By having the living room extend into the terrace, it connects the indoors to the outdoors and one can feel the presence of both. Placing the windows at an angle toward the front road and its surrounding houses protects the residence's privacy. The owner can eat outside under the blue sky at the table with its parasol. Making the ceiling height 4.3m at its highest point, revealing the beams, and having the floor level 370mm lower than the surrounding spaces, depth is created changing one's eye level in the living room. On the other hand, in the dining room, the ceiling height is kept at 2.4m and two windows were installed, on the terrace side and on the bamboo forest side, to lead an observer's eyes toward the outside.
The walls are finished with plaster, the floor is finished with ash flooring and marble, and the ceiling is finished with red cedar, creating a rough feel. The furniture was carefully selected for its wooden texture; lamps are positioned where needed, and cushions and plants create laid-back comfort.

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MOLTENI&C TOKYO

In March 2015, Molteni&C's flagship store opened in Aoyama, Tokyo, an area dotted with many interior shops. Patricia Urquiola who fully understands the brand's charm and designs everything from products, interiors and buildings, was appointed to design the brand's first store in Japan. The shop has a 7m open ceiling space, and has 2 floors (B1F and 1F). Urquiola's chosen theme was connecting Italian modernity with Japan. Inspired by the round wooden window of Koumyou-in, Kyoto, she designed a lateral grid covering the open ceiling window, using Japanese cedar. This wall that embodies Japan was named the "Wooden Wall;" surrounds the modern furniture and connects the 2 floors symbolically.
Also, a glass screen called the "Gio Ponti Screen" was placed to pay homage to interior designer Gio Ponti, who is designing the revivals of armchairs and tables. The two types of glass, with different geometrical graphic prints were bonded together, and became an interior item that represents the brand's mission. The ground floor showcases the living room and dining room displays and the spaces are divided gently with screens. The basement floor is cozy and relaxing; bedrooms and open closets are beautifully presented.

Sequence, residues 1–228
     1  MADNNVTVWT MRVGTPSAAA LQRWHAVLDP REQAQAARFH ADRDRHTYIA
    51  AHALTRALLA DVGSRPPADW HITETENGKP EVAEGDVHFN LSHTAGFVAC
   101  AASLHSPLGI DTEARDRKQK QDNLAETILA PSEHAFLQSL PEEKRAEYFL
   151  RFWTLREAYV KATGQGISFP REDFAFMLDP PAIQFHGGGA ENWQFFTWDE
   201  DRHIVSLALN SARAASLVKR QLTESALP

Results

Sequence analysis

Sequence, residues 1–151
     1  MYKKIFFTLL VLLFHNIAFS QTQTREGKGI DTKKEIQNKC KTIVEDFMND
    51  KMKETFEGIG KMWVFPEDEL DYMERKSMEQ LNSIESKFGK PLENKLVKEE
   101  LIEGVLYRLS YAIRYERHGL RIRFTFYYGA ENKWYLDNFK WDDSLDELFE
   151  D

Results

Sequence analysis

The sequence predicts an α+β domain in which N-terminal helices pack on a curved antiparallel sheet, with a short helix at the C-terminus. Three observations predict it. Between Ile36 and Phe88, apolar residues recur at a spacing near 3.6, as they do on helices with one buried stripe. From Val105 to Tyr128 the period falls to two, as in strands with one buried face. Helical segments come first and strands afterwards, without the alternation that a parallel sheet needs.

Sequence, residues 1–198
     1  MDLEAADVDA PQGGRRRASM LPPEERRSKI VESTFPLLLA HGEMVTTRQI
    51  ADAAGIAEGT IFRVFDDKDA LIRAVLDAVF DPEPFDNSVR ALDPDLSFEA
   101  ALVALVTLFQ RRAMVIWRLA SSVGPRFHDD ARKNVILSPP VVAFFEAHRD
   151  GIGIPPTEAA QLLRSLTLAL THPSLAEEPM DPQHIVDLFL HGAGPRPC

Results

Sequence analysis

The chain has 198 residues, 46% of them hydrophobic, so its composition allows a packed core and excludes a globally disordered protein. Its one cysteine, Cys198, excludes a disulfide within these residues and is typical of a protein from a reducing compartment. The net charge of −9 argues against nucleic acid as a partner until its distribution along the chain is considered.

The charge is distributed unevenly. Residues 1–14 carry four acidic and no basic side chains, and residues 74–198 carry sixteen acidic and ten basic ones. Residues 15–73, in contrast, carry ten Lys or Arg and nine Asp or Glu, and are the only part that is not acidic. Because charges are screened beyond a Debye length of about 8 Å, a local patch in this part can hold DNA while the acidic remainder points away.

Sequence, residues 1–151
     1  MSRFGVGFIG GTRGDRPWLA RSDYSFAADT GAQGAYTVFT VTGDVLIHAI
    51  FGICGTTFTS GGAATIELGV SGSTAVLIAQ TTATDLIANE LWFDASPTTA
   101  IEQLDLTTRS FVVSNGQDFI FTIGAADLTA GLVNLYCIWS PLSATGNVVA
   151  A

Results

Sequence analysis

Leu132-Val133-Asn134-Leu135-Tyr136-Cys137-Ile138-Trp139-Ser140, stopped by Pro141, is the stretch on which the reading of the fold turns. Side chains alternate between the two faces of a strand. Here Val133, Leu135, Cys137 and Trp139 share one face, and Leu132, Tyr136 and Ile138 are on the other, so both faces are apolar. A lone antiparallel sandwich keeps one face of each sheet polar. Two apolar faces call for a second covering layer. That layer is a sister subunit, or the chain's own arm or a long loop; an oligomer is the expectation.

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Jissei Omine

Jissei Omine is a famous ceramic artist from Okinawa. Born in 1933, and inspired by modern art, Omine created an Okinawan artist group called KOU in the 1960s when he wanted to become a painter. He later became interested in ceramics and became a ceramic artist. After creating a kiln on the hill of Shurijohoku, he moved to Yomitan in the 80s and created the Yomitanzan Kiln. He was deeply inspired by the legendary ceramic Panari; this ceramic was said to have been created on Aragusuku Island (one of the Yaeyama Islands in Okinawa) until 200 years ago. Omine moved to Aragusuku Island with his apprentices. After many attempts and repeated trial and error, Omine was able to beautifully recreate the legendary ceramic. Omine also visited places around the world like China, Ban Chiang (Thailand), Keishonando (Korea), and Oaxaca (Mexico), and created ceramics using clay from the areas. Omine carefully researched ceramics from around the world and from Okinawa.
Eventually, Omine felt something was missing from ceramics made from clay, and was intrigued by clay in its original form (i.e. clay that has not been touched). The art collection "Untouched" was born from Omine's interest in solid original clay; the designs are dynamic and rough but have soothing shapes. On the other hand the "IE" series is the series that influenced shamanism of Okinawa. Gold, silver, red and other multi-color forms were inspired from an old scenery of Okinawa: the thatched roof house. The power of original clay creates art with vital power.

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Birth the suite